In food facilities the majority of an insect population is typically within hidden locations that are difficult to reach with conventional insecticide application methods, but as insects move in and out of these hidden areas they could pick up insecticide on their bodies and transport it back into these hidden areas. If this process results in transfer of insecticide from this individual to another and it causes negative effects on that individual then it is termed horizontal transfer. This process is important in other pest systems, but has not been previously evaluated for stored-product insects in food facilities. In a series of laboratory experiments using red flour beetle and confused flour beetle, we showed that the insect growth regulator methoprene could be transferred from a treated to an untreated individual. When red flour beetle immature stages were exposed to a treated insect normal adult emergence was reduced. The confused flour beetle is less susceptible to methoprene than the red flour beetle, so the effects of horizontal transfer were less apparent although adult emergence was still reduced. However, when immatures were able to survive exposure to methoprene treated individuals and emerge as normal adults, their reproductive ability was not affected. This is the first report indicating that methoprene can be transferred between stored-product insects and highlights a potential mechanism that might increase the effectiveness of insecticide treatments in reducing insect populations in food facilities such as mills, processing plants and warehouses
 • James Campbell, 785.776.2717, James.Campbell@ars.usda.gov
 
 
November 2013

Methods for Assessing Infestations of Sunflower Stem Weevil, Cylindrocopturus adspersus LeConte (Coleoptera: Curculionidae) in Sunflower Stems
Sunflower stem weevils reduce sunflower yields by promoting diseases, damaging vascular tissues, and causing lodging of sunflower plants. To measure weevil populations for host plant resistance or insecticide field trials, usually larvae are dissected out of stems, a process that is slow and expensive. Alternative methods to estimate weevil populations include digital radiographs (X-rays) of stem sections or rearing out overwintering stem weevils. When tested, digital X-rays of small stem pieces (15 cm above soil level) explained most of the variation in numbers of weevil larvae from dissected stem samples (50 cm), but required less than one-fifth the time of manual dissection. Using emergence boxes to estimate weevil populations was similarly time-efficient, but may not be easily related to weevils per plant because of parasitism and death of weevil larvae inside the stems. Results suggest for large field trials with sunflower stem weevils, digital X-rays provide much more cost-efficient larval population estimates, increasing researchers’ ability to detect differences among treatments.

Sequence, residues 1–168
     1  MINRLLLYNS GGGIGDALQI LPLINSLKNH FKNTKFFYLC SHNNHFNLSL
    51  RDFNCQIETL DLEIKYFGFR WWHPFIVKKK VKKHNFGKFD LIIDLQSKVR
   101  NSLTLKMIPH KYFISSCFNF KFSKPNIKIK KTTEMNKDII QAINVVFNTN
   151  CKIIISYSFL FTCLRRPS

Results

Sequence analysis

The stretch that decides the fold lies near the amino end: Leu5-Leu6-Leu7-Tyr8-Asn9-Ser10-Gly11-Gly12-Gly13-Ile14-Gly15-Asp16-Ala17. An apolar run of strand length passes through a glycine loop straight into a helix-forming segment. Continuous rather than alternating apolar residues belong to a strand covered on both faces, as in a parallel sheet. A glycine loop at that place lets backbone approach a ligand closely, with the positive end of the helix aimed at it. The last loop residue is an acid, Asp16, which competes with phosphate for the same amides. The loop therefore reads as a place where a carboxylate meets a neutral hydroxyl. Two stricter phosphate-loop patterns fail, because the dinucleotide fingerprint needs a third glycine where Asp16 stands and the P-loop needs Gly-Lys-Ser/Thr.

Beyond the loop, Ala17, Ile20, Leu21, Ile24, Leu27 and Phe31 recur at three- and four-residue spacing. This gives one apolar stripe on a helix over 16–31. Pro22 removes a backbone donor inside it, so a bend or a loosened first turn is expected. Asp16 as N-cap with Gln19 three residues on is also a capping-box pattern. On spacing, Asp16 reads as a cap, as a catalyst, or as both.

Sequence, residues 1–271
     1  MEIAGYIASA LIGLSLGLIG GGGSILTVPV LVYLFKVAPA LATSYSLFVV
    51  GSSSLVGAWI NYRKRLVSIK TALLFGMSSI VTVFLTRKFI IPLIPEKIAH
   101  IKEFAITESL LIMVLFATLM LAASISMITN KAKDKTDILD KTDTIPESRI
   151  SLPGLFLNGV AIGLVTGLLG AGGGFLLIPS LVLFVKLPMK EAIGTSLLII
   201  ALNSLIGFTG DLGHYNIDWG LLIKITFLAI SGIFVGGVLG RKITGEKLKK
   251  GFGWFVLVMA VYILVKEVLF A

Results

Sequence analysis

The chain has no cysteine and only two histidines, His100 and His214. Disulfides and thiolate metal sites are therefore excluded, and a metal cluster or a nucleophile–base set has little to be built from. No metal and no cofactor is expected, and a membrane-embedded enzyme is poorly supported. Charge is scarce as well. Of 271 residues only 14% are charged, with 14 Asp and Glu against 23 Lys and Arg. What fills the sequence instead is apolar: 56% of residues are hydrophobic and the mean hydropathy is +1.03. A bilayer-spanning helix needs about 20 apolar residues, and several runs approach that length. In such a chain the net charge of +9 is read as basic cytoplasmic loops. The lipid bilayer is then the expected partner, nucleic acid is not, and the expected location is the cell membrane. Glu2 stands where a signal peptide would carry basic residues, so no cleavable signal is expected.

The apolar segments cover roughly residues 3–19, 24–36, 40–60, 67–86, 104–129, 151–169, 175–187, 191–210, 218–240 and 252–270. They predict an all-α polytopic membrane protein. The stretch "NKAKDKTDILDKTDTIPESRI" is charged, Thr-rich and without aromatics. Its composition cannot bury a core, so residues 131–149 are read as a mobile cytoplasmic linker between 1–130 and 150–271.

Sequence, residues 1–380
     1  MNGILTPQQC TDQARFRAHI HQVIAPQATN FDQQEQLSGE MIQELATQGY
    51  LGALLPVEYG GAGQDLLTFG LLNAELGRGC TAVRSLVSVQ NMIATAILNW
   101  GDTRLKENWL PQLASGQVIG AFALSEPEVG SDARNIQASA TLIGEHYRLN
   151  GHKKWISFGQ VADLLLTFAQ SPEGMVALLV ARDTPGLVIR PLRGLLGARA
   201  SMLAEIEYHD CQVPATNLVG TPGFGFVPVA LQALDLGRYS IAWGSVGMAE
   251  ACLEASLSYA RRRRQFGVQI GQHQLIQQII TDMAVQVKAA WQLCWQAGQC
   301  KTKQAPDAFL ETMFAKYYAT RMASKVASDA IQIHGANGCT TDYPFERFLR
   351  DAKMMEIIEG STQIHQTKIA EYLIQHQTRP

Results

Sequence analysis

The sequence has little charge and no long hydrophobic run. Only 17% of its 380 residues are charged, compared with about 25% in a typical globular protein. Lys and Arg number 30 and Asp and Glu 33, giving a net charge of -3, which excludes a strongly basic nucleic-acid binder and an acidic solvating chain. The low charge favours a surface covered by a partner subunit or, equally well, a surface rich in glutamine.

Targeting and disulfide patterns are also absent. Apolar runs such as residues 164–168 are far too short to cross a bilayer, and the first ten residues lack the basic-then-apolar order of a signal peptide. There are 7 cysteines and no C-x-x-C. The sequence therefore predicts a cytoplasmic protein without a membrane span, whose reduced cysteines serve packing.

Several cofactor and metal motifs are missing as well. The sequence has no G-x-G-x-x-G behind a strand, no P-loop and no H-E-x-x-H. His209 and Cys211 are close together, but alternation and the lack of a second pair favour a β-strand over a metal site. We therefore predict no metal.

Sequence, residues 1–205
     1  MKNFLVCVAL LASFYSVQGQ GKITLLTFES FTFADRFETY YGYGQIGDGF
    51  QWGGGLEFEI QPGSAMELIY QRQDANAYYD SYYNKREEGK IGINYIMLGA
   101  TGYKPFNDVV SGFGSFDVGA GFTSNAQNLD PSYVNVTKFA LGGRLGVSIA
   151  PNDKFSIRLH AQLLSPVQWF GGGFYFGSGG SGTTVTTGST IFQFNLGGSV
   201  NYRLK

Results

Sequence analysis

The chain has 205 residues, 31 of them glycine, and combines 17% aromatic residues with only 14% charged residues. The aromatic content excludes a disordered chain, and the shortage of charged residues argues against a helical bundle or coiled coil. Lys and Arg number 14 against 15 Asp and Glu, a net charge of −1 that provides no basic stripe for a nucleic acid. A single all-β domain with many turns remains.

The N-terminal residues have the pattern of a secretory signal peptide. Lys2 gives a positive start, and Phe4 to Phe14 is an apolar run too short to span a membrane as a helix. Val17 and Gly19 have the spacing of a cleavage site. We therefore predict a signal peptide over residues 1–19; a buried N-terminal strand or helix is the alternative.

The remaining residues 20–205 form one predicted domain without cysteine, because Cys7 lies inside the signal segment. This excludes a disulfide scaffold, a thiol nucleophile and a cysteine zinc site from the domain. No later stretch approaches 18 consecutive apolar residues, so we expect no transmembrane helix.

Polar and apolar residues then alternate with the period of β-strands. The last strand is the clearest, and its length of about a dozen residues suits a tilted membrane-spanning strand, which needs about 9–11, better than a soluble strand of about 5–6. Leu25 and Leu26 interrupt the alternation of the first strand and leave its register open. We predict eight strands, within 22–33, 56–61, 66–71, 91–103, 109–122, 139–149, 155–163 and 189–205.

• James Campbell, 785.776.2717, James.Campbell@ars.usda.gov
 
 
October 2013

Efficacy of Dinotefuran (Alpine® Spray and Dust) on Six Species of Stored Product Insects
Alpine® is a new insecticide that is being used to control urban insect pests, and is available as a pressurized spray or as a dust combined with diatomaceous earth (DE). We conducted tests with both products to determine effectiveness on different stored product insects. The dust formulation was much more effective than the spray on all adult insects tested, but larvae were easily killed by both products. Results show this new insecticide could be adopted for control of stored product insects in milling and processing facilities
 • Frank Arthur, 785.776.2783, Frank.Arthur@ars.usda.gov
 
 
August 2013

Development of Phytosanitary Cold Treatments for Oranges Infested with Bactrocera invadens and B. zonata (Diptera: Tephritidae) by Comparison with Existing Cold Treatment Schedules for Ceratitis capitata] (Diptera: Tephritidae)